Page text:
Amazon subsequently complained in a U.S. court to prevent its cloud rival from snapping up the contract out of its hands, which resulted in a federal judge striking down IBM's objections earlier this month, leading to the company withdrawing its complaint altogether. [Read more: Whittaker/ZDNet/30October2013]

Brazil Says It Spied on U.S. and Others Inside Its Borders. Brazil's government acknowledged on Monday that its top intelligence agency had spied on diplomatic targets from countries including the United States, Iran and Russia, putting the Brazilian authorities in the uncomfortable position of defending their own surveillance practices after repeatedly criticizing American spying operations. 

Brazil's Institutional Security Cabinet, which oversees the nation's intelligence activities, contended in a statement on Monday that the spying operations, involving relatively basic surveillance about a decade ago of diplomats and diplomatic properties in Brazil, were "in absolute compliance" with legislation governing such practices.

The statement followed a report in the newspaper Folha de S�o Paulo describing how the Brazilian Intelligence Agency, commonly known as Abin, had followed some diplomats from Russia and Iran on foot and by car, photographing their movements, while also monitoring a commercial property leased by the United States Embassy in Bras�lia, the capital. [Read more: Romero/NYTimes/4November2013]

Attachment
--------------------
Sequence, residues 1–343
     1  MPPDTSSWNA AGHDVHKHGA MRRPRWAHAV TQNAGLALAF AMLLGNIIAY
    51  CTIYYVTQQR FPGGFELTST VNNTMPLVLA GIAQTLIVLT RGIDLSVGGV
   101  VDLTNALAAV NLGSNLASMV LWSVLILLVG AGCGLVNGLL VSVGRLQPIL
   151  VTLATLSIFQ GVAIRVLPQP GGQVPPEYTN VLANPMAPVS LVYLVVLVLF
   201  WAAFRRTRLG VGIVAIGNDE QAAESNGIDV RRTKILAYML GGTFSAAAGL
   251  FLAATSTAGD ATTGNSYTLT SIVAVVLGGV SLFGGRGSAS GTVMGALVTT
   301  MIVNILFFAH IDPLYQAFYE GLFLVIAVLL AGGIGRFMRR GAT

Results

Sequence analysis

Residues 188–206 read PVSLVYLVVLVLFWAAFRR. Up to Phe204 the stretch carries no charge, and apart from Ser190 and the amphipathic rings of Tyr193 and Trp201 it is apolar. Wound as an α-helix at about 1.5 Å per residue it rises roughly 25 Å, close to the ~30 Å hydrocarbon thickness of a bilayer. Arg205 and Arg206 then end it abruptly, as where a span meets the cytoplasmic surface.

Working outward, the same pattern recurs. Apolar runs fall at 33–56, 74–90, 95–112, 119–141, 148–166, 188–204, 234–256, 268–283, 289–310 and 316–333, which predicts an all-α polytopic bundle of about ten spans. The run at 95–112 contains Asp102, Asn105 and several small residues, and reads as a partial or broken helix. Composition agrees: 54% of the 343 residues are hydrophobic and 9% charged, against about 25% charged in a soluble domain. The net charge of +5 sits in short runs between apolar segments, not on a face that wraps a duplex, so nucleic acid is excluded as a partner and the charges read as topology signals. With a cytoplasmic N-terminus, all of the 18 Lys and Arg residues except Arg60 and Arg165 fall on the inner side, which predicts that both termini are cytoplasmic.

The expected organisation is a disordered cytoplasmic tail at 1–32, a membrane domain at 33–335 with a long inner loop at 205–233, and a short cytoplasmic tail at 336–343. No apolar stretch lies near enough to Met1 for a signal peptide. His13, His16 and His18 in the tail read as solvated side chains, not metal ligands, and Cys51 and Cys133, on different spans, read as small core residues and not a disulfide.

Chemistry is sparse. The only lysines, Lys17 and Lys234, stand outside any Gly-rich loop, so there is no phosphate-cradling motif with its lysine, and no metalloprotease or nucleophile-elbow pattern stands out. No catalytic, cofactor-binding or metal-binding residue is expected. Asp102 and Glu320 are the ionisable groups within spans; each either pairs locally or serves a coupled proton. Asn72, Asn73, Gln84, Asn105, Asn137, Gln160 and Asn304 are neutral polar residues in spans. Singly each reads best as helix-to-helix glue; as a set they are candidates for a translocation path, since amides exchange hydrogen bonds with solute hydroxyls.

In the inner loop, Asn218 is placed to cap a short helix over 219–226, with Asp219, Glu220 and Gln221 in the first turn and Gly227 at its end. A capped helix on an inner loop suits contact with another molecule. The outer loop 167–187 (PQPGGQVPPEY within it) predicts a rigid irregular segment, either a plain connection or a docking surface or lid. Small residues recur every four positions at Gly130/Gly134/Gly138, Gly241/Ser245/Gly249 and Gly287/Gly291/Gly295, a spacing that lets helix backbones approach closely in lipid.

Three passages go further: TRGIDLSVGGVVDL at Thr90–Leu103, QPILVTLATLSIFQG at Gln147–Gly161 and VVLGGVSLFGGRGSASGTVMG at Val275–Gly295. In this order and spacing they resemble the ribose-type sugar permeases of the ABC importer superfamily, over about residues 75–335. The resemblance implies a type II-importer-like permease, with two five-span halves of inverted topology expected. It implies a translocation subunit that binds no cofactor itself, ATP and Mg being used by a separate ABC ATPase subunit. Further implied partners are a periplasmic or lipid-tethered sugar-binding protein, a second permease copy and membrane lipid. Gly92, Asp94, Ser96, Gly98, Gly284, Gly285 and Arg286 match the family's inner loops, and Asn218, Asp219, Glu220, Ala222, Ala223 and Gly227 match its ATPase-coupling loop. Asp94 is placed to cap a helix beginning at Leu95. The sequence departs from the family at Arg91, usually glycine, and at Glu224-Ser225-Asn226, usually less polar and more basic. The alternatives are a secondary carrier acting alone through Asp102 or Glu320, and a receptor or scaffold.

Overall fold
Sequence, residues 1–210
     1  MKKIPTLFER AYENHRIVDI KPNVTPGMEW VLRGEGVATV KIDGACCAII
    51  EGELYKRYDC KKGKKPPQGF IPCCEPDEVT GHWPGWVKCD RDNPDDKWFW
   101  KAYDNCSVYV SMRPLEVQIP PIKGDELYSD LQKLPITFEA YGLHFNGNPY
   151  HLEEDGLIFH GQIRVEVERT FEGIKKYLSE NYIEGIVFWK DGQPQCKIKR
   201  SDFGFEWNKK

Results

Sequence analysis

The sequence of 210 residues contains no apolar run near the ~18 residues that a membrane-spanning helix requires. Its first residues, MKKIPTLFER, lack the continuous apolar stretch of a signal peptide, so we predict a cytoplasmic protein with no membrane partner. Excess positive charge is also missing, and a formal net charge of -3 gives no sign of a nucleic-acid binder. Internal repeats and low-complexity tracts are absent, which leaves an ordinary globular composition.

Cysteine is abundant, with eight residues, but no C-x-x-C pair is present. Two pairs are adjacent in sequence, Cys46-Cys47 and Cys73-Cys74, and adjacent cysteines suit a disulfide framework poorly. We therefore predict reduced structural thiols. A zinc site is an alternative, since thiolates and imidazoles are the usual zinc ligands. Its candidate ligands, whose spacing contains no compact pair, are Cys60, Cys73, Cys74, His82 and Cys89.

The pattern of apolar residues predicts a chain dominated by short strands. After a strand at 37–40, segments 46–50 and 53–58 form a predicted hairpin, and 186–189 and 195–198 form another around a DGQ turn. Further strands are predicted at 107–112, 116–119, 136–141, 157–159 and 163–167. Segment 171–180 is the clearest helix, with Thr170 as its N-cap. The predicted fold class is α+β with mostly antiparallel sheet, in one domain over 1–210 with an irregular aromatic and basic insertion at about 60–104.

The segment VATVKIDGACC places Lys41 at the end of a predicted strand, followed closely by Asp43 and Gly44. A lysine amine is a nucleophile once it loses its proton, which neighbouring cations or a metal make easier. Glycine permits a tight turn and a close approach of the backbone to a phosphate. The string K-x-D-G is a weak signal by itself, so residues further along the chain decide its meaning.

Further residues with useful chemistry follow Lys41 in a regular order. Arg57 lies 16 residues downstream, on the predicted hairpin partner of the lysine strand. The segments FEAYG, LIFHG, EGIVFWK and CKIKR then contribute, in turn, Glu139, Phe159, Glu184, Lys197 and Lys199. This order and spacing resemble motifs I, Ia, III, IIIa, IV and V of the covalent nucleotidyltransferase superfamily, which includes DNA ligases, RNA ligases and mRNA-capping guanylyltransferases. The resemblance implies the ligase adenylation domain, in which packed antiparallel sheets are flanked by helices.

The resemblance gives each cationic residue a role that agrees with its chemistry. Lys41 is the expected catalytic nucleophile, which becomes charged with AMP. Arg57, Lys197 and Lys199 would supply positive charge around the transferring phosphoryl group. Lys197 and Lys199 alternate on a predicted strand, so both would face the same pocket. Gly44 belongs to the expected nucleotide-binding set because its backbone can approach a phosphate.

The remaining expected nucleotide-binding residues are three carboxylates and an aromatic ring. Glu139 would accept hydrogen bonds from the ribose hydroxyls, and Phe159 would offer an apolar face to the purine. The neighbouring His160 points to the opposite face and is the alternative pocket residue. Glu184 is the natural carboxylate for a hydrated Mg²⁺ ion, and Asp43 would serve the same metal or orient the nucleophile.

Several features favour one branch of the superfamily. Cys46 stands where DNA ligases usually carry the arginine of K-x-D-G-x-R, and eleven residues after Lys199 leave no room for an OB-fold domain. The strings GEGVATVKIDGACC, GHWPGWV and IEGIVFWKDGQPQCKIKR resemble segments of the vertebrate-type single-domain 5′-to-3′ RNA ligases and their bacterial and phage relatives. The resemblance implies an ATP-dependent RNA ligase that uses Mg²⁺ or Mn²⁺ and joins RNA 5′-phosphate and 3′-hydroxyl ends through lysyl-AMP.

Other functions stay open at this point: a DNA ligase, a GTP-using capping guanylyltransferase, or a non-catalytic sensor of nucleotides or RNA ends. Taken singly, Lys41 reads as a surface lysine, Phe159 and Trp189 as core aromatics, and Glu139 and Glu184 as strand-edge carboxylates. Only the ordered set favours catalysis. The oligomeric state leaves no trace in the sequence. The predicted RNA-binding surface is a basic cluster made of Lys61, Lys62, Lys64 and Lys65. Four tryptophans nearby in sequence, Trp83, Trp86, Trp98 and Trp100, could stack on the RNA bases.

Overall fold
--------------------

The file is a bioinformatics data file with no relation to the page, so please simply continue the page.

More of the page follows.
Secret Spy Station on Cocos Islands. Australia's electronic spy agency is intercepting Indonesian naval and military communications through a secret radio listening post on the remote Cocos Islands.

According to former defence officials, the Defence Signals Directorate operates the signals interception and monitoring facility - known locally as "the house with no windows" - on Australia's Indian Ocean territory, 1100 kilometres south-west of Java.

The station has never been publicly acknowledged by the Australian government, or reported in the media, despite being in operation for more than two decades.

Along with the better-known Shoal Bay Receiving Station near Darwin, the previously unreported Cocos Island facility forms a crucial part of Australia's signals intelligence collection efforts targeting Indonesia. [Read more: Dorling/SydneyMorningHerald/31October2013]

U.S. Grid Threatened. An Energy Department-sponsored study of the U.S. electrical power grid publicly identifies numerous vulnerabilities to cyberattacks by nations or terrorists, including hacking that could cause widespread power outages.

"Impacts identified in the failure scenarios include loss of power, equipment damage, human casualties, revenue loss, violations of customer privacy, and loss of public confidence," states the 269-page report "Electric Sector Failure Scenarios and Impact Analyses."

The report was funded by the Energy Department and published in September by the National Electric Sector Cybersecurity Organization Resource, a group of industry and academic specialists focused on improving cybersecurity for networks in the power grid.

The highly technical report outlines more than 40 ways foreign intelligence services or other malicious hackers could break into the networks used to control the distribution of electrical power. [Read more: Gertz/WashingtonTimes/30October2013]